Attorney General, Anand Ramlogan, disclosed the news as he briefed journalists on the ruling at a news conference at his Cabildo Chambers office yesterday.
He hailed as a victory for accountability last Monday’s ruling by Justices Nolan Bereaux and Maureen Rajnauth-Lee against eight former directors of eTeck — Kenneth Julien, Ulric McNicol, Brian Copeland, Rene Monteil, Eugene Tiah, Sonia Noel, Wendy Fitzwilliam and John Soo Ping Chow.
The appellant’s attorneys were Douglas Mendes SC and John Jeremie SC, leading Michael Quamina and Stuart Young, instructed by Kahaya Nanhu, while the present board of eTeck was represented by attorneys Vincent Nelson QC, leading Gerald Ramdeen, instructed by Varun Debideen.
Ramlogan said the ruling was “a red letter day” that ushers in a new era of corporate governance and that vindicates his decision to pursue the case.
He also said the basis of the ruling — rejecting the argument that it is too late to pursue the claim — was good news for several other claims being pursued under this administration against past boards of directors under the former administration, namely Udecott; University of Trinidad and Tobago (UTT) and Petrotrin’s former head, Malcolm Jones.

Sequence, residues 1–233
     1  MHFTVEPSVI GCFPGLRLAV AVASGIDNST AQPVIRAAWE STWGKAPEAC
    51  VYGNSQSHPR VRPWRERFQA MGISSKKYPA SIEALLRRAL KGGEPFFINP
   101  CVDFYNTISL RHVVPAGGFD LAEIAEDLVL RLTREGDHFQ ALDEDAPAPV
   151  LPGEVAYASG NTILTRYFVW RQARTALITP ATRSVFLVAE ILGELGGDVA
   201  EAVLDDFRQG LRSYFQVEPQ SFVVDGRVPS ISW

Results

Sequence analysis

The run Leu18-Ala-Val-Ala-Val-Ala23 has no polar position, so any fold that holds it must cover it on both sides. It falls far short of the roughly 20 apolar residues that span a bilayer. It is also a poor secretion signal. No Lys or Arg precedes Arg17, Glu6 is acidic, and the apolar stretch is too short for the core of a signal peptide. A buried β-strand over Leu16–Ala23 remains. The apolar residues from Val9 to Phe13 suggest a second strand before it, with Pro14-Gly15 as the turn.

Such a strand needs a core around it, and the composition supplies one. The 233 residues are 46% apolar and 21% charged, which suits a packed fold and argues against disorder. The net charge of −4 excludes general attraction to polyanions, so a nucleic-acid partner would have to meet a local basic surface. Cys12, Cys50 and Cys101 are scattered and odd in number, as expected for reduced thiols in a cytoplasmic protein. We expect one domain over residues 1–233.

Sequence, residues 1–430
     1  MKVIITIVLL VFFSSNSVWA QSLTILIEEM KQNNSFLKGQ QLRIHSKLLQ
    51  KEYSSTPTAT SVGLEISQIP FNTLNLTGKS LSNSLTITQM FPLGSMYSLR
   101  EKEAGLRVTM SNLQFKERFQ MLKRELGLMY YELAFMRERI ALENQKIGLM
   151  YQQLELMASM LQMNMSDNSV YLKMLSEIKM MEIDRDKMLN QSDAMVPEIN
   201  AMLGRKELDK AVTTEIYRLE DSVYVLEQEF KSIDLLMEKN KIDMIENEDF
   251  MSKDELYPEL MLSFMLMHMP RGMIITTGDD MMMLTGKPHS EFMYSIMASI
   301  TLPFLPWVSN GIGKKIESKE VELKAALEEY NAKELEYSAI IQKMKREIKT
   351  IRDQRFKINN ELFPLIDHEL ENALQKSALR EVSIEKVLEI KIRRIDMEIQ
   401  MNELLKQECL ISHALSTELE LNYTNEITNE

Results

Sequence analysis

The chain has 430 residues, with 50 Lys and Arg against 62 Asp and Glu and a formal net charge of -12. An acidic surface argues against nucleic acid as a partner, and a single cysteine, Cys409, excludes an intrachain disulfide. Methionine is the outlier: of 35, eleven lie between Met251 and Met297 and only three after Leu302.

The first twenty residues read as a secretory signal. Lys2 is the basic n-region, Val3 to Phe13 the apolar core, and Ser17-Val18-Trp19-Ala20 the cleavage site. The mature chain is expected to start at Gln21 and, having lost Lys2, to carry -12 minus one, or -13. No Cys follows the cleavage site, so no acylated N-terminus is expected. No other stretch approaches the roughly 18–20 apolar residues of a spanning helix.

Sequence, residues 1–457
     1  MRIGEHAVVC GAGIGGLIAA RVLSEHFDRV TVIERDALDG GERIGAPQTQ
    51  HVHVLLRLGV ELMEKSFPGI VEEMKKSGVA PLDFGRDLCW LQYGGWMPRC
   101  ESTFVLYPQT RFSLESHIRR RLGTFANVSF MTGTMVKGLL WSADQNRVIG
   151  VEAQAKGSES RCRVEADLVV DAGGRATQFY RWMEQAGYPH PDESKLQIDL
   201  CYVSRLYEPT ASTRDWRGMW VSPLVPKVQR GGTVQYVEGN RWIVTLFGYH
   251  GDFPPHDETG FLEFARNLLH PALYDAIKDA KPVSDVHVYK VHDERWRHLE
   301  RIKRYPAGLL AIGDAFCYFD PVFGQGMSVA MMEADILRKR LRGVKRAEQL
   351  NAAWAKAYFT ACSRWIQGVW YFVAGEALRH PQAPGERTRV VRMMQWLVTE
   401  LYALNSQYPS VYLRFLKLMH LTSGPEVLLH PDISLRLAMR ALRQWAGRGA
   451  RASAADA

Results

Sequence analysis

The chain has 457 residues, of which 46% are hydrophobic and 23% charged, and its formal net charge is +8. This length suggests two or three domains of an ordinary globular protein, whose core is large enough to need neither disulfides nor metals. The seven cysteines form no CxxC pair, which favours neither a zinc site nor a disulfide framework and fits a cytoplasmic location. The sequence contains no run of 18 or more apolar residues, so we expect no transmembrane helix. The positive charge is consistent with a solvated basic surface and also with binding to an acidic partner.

Ramlogan said if the eTeck directors had won their appeal, their argument would have “knocked out” the Government’s position in all three other lawsuits.
The total sum the Government is trying to recover in the four cases against former directors is $2 billion, he noted.
In the eTeck case, Ramlogan said the judges rejected a call by the appellants to create a special exemption from the Limitation Act for State companies. He said the appellants had tried, unsuccessfully, to argue that it is now too late to sue the former directors as any wrongdoing in eTeck should have been known about all along by the then Finance Minister.
Ramlogan said the eTeck former board had acted independently (of parties such as the then Finance Minister), to decide to invest $30 million which had then vanished into thin air.
Ramlogan said the court ruled that only upon a change in government (and ministers) was it likely for the eTeck woes to be discovered, and so the usual four-year limit to sue under the Limitation Act cannot now apply in this case.